In many ways Yoruba is like Christianity. As in Judeo/Christianity there is a single godhead, a supreme all-powerful creator called Olorun. Unlike many religions Olorun is not limited by gender and is surrounded by saints very like the saints of the Catholic faith. These saints, called Orisha, approximately two hundred in number, are prayed to by believers for intersession with Olorun just as Catholics pray for intercession by their saints with God. And again like the Catholic faith a believer will have a particular saint to whom he or she prays, an Orisha chosen as their special comforter and protector. Orisha saints are closely identified with Catholic saints. Lemanja is thought of as the Yoruba Virgin Mary, mother of all and protector of all, and most Orishas are identified with major Catholic saints to whom they often have great similarity in what they offer man. Belief in a Christian Holy Spirit is replaced by belief in Ashe, a life force like Chi in Chinese tradition that is shared by men and gods and contained in all living and many inanimate things. Ashe binds man to the gods and other living things as they try to find destiny in the spiritual sphere. There is a continuous cycle of existence as an individual’s spirit evolves towards transcendence to join with the spirit of Olorun. 

One difference from Christianity is reincarnation. While Buddhists seek to escape reincarnation. And while Christians focus on salvation, Yoruba believers focus on attaining reincarnation by living what we would call a good Christian life. The belief is that if one leads a good life one will be reborn, usually in the same family, and interestingly the sex varies. A boy will be reincarnated as a girl and a girl a boy. One of the attractive features of the religion is there is no favoritism of the male in the religion. Those reincarnated do not remember their prior life but carry with them wisdom from that life. What might the world be like if everyone believed living a good life brought reincarnation and wisdom was carried through at birth?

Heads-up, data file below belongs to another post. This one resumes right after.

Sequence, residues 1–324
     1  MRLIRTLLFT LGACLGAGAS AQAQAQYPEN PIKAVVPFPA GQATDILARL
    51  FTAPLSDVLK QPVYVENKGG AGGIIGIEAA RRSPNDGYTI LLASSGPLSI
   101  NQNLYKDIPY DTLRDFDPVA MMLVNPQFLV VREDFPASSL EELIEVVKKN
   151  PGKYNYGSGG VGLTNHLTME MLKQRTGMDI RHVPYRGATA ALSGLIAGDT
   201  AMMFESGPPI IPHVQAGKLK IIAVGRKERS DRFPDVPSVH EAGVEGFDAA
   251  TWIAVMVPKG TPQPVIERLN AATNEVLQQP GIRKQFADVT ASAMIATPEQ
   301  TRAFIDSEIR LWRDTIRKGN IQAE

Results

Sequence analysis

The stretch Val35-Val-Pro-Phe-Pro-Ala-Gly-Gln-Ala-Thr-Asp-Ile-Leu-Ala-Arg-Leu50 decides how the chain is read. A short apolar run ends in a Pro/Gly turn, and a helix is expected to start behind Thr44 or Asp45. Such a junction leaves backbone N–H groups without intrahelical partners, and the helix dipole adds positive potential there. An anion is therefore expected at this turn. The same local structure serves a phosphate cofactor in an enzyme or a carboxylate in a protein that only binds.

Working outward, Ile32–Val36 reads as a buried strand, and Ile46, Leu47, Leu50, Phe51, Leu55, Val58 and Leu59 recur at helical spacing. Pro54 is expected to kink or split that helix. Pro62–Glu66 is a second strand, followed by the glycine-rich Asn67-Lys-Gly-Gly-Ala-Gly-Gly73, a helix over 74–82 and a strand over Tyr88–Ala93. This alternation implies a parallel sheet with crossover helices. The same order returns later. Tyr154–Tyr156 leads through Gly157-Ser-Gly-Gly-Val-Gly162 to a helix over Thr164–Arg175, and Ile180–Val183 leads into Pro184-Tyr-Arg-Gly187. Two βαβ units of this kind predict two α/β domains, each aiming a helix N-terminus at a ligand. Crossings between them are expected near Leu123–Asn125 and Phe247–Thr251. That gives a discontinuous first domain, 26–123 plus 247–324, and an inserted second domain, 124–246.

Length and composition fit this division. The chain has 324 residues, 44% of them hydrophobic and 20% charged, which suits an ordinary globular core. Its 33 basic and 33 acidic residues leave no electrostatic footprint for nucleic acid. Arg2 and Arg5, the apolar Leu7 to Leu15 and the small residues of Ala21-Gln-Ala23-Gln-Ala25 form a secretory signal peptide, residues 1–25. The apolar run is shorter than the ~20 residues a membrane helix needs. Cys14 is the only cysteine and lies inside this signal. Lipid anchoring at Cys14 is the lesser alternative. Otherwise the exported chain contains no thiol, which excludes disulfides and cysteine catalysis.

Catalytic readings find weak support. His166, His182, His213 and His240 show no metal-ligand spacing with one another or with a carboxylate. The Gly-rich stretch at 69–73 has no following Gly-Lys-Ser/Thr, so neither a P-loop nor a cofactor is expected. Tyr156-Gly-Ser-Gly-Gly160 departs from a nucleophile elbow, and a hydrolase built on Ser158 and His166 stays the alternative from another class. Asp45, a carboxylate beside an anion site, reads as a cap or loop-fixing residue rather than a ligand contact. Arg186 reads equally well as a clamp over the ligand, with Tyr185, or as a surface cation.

Seeming tension exists in the religion between the concept of reincarnation for a good life and another concept of the religion, predestination. Stronger than old fashioned Calvinism there is a belief that your life is set before you are born. Does that mean if you do not live the good life that this was predestined? Not necessarily. Individuals are involved in deciding their life course before they're born, what they will be doing in the world, where they will live, who they will love, how they will die. Presumably they set their life course toward a good life. It’s their own fault if they stray and lead a bad life.

The reincarnated forget their destiny when they're born. This is where the voodoo soothsayers come in. People seek out the soothsayers to learn the way the thread of their life leads on important choices, marriage, travel, business start up, and much more. I remember a woman in Cuba, she looked ninety years old but still vibrant and mesmerizing, a cigar stuck in the corner of her mouth, moving cowry shells on a board to divine the marriage prospects for a young girl, the scene one of profound seriousness, onlookers in as referential worship as in any Christian ceremony I have ever attended, mystical. You felt like you were seeing something that had gone on for 5,000 years, which it probably had.

Most of my experience with Yoruba has been in the Caribbean. In Guadeloupe a Yoruba initiation ceremony more magical than the ones I saw earlier in Rio as it was more intimate and intense. On Carriacou a voodoo woman and an education in the potions and charms that are at the center of much of Caribbean life. On a small island in the British Virgin Islands a Yoruba exorcism of devils, called Aloguns, by a green eyed, white haired voodoo woman who towered over me well over six feet tall. This was something. The exorcism took place in a building both a Christian church and a place of Yoruba worship, a large cross at one end and paintings of Yoruba believers in ecstasy on the walls, the ceremony going on for more than an hour with eerie chanting, and with both priestess and subject of the exorcism holding their hands in an alter fire for extensive periods of time. At the end the subject threw up what looked like a liquid of fire while screaming at the top of his lungs and collapsed in a writhing heap on the floor.

My new book, Odyssey’s Child, captures life as it is in the Caribbean and weaves in the magic of Yoruba. I invite you to read Odyssey’s Child for history, culture, people, and all other things Caribbean, an exciting adventure story wrapped in compassion and joy.
Odyssey’s Child